Monday, March 10, 2014

Thoughts on the “new” SAT 2016

The New York Times has featured several articles recently about the College Board’s decision to change the format and contents of the SAT in response to relentless criticism from students, educators, and college admissions staff among others.  In my view, the changes, mostly to the reading and writing sections of the exam, are for the better, but the reasons for the reform and the results of them might be somewhat different from what is discussed.

First, a summary of the changes:
--The essay section will become optional and will be an analysis of a passage rather than an amorphous reflection on the relevance of a quotation.
--No more abstruse vocabulary sections—instead the exam will ask students to define words used in daily and school.
--Reading passages will include texts from “founding” historical documents such as the Constitution, the Bill of Rights, and the Gettysburg Address. Students will select answers based on evidence from the passages themselves.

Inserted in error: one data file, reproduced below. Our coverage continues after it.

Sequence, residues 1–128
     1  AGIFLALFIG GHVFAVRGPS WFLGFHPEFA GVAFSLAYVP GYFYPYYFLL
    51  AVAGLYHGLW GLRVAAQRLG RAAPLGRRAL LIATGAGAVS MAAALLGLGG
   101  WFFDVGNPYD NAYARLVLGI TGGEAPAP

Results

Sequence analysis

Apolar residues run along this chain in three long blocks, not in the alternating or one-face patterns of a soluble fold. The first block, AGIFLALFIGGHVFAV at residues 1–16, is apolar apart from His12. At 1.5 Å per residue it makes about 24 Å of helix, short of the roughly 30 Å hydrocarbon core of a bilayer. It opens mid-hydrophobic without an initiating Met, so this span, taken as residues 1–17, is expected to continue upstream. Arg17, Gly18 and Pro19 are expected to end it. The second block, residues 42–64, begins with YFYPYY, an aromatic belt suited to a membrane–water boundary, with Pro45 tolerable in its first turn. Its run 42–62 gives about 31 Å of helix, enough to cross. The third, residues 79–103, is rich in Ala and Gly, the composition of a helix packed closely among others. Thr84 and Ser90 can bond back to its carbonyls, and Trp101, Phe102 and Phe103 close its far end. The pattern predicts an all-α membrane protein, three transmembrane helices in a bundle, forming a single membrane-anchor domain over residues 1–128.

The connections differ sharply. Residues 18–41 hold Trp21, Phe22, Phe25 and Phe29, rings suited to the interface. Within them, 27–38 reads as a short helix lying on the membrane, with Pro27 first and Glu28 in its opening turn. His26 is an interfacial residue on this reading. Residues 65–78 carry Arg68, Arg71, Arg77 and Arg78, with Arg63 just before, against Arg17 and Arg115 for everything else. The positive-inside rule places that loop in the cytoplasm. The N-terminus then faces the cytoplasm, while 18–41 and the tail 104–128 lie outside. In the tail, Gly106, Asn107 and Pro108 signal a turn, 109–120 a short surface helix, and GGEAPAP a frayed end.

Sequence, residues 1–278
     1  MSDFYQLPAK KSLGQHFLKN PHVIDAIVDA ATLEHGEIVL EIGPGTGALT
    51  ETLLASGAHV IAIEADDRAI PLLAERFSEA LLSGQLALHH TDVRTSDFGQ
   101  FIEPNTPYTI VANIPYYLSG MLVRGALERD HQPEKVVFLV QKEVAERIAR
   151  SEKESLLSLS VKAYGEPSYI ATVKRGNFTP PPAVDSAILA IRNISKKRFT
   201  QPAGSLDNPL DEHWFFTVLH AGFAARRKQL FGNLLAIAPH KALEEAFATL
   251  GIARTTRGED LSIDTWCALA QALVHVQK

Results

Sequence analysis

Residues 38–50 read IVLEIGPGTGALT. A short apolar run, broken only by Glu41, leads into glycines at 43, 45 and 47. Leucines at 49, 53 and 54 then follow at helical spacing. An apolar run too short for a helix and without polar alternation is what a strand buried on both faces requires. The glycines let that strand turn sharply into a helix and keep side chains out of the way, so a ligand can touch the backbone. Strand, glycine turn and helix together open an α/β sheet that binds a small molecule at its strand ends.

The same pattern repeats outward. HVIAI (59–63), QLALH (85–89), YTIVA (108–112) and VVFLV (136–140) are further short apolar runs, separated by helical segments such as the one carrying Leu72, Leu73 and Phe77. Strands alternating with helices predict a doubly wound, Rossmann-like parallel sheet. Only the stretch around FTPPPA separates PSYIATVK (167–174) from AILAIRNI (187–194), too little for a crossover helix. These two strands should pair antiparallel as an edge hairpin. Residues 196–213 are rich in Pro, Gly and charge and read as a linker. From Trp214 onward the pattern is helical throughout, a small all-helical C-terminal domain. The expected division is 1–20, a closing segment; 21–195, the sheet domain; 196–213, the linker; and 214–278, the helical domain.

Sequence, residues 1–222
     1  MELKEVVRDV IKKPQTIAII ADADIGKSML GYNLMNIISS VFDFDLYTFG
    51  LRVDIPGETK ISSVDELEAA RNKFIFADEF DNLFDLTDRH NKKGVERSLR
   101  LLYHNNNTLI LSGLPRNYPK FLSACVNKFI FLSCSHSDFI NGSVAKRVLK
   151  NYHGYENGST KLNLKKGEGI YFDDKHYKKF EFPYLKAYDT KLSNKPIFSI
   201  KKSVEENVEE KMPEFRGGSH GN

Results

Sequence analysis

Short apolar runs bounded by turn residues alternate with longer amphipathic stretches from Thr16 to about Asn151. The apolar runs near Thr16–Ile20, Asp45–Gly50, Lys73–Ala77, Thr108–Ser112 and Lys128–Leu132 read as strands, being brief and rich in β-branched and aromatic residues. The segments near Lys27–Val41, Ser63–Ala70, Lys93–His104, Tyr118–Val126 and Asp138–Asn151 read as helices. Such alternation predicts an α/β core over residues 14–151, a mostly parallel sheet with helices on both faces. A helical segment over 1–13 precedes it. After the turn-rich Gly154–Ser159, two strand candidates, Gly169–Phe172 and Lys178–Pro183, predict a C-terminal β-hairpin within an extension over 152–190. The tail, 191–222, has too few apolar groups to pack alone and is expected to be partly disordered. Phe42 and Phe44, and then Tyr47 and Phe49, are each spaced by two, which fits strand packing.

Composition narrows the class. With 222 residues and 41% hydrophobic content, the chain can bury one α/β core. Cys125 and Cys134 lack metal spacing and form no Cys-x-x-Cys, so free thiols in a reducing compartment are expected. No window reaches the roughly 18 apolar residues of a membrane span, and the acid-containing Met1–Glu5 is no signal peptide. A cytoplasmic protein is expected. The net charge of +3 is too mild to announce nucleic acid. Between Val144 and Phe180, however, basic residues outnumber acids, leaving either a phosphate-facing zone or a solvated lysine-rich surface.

--Calculators will be permitted only on part of the math sections. 
--Math sections will focus on problem solving, data analysis, algebra and complex equations.
--Tests will be structured more like “achievement” or AP tests.
--No more deductions for incorrect scores.

These are significant but not radical changes.  They will shape the test to be more like the SAT’s competitor the ACT, which has content drawn more from actual high school coursework.   In the past few years the number of students taking the ACT vs. the SAT has risen considerably, so one might argue that the College Board, the non-profit organization that administers the SAT, is responding to its competition.

Whatever its reasons for reform, the new College Board president, David Coleman, appears to be genuinely concerned with reaching more high achieving low income students, who have not had the advantage of taking prep courses for exams.  He is working with Khan Academy to develop online tailored tutorials for any student who wants to take the test, hopefully leveling the playing field at least to some degree.